Are cheap school uniforms a false economy?

19th Jul 2016

It might not make kids any happier about the start of term, but the news that Lidl and Aldi are both offering an entire school uniform for less than £4 will be welcomed by many parents.
Lidl triggered the price war when it announced that its package of four primary school essentials would go on sale for £3.75. Aldi responded by reducing the price of its Back to School uniform from £4 to £3.69. The moves by the German discount supermarkets undercut other high-street retailers by as much as 80%.
The price cuts are sure to spark further discussion on internet forums such as Mumsnet over whether cheap, mass-produced, school uniforms are a false economy, as they might not last long when worn and washed regularly.
However, Tony Baines, managing director for corporate buying at Aldi, said the retailer’s uniforms offer “outstanding quality at unbeatable prices”.
Meanwhile, Lidl said its collection could save British families with two children up to £2,854 over their entire primary school education.
Ultimately, of course, it will be parents who decide how important cheaper prices are to them. It’s by no means a given that cutting prices will prove to be a successful strategy. For example, according to the latest UK Customer Satisfaction Index published by the Institute of Customer Service, 28% of consumers say they would prioritise high-quality customer service quality over price – an increase of four percentage points compared to 2014.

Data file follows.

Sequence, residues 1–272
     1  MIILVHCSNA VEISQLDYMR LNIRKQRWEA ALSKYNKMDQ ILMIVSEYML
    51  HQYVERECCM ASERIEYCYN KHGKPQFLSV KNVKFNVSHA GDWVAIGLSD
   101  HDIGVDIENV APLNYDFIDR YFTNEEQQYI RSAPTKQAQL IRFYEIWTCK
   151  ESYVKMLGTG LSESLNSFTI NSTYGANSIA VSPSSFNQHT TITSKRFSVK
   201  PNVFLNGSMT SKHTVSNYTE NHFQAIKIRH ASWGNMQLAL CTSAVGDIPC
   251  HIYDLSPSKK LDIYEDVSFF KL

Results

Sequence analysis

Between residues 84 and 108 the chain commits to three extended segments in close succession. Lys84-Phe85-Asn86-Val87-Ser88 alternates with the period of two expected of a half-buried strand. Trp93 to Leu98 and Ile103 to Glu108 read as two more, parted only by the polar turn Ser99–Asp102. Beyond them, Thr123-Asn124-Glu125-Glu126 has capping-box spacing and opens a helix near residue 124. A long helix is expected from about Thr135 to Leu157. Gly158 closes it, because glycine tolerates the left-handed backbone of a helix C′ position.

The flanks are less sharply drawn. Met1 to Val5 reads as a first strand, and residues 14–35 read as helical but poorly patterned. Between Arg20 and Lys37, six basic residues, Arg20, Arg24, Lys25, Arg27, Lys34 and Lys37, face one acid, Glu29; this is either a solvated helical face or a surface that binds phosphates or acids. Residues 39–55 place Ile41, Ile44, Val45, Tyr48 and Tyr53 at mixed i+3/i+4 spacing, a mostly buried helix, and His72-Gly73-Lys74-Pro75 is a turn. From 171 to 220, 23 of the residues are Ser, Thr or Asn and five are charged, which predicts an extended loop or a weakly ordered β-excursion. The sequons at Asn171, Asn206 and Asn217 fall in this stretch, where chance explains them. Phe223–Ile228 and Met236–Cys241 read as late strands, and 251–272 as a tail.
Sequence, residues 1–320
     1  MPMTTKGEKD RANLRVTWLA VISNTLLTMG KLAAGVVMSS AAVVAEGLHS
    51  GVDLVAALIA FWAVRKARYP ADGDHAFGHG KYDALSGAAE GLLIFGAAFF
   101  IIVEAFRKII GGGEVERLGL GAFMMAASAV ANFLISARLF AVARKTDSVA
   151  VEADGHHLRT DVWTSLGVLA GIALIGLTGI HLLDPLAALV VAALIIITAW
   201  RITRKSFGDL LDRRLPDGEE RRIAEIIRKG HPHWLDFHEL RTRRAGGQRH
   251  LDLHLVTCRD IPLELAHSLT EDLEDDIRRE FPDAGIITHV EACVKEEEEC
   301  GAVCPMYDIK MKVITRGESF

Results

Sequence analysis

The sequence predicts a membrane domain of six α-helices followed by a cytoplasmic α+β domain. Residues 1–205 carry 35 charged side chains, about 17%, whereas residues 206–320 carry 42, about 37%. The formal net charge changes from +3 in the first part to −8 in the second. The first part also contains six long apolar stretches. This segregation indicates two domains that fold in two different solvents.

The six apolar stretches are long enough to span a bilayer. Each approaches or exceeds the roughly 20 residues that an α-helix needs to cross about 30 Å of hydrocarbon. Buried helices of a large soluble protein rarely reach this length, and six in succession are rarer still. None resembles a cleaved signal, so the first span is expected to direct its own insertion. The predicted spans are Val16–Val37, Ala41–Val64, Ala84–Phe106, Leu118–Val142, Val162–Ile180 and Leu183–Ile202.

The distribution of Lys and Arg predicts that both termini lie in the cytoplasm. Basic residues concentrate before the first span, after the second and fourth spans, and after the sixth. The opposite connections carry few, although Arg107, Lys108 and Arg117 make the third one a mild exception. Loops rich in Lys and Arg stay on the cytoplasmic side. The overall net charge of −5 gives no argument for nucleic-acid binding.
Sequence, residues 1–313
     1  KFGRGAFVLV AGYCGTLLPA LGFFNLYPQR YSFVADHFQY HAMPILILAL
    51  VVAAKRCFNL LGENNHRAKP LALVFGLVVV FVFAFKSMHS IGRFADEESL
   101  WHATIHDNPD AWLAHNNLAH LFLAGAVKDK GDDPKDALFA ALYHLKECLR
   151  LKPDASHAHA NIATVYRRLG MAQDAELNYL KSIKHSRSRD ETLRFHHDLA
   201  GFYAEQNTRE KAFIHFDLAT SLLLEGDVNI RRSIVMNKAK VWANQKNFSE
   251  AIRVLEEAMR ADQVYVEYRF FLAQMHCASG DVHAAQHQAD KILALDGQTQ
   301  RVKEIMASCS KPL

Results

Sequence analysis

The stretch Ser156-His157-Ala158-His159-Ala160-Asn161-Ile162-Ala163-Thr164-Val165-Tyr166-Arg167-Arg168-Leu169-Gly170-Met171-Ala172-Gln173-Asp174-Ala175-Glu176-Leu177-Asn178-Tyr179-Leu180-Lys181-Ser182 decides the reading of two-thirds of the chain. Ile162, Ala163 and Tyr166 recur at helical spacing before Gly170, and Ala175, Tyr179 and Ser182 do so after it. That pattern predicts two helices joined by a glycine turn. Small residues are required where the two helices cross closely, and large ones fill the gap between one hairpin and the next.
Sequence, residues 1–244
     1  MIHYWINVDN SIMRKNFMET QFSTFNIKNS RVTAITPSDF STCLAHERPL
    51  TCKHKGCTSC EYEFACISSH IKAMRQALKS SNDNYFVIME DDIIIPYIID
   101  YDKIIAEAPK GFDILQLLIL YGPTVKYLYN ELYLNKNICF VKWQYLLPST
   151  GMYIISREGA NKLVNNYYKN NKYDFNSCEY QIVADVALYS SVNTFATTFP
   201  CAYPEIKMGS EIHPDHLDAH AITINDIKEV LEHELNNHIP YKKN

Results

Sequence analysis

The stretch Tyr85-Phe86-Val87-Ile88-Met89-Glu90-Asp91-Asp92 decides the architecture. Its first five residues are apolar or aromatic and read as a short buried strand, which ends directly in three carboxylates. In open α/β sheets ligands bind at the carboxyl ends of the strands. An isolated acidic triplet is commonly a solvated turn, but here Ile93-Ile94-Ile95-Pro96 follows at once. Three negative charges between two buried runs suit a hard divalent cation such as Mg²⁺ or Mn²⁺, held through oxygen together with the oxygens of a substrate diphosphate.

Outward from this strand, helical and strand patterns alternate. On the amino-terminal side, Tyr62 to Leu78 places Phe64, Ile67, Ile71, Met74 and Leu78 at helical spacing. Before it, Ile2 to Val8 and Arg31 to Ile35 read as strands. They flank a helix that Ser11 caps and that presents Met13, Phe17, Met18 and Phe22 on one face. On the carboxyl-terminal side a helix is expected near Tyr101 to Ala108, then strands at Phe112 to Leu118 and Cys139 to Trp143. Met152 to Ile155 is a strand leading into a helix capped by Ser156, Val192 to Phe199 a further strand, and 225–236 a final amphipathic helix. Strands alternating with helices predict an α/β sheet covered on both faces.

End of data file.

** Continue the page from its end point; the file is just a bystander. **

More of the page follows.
Convenience and choice are additional factors that play a central role in consumers’ decision-making, above and beyond cost. There is also an ethical dimension. Our society is acutely aware of the cost of living thanks, in part, to debate around the Living Wage. Consumers want value for money, but their long-term loyalty is also dependent on the extent to which they feel employees are fairly engaged, paid and treated.

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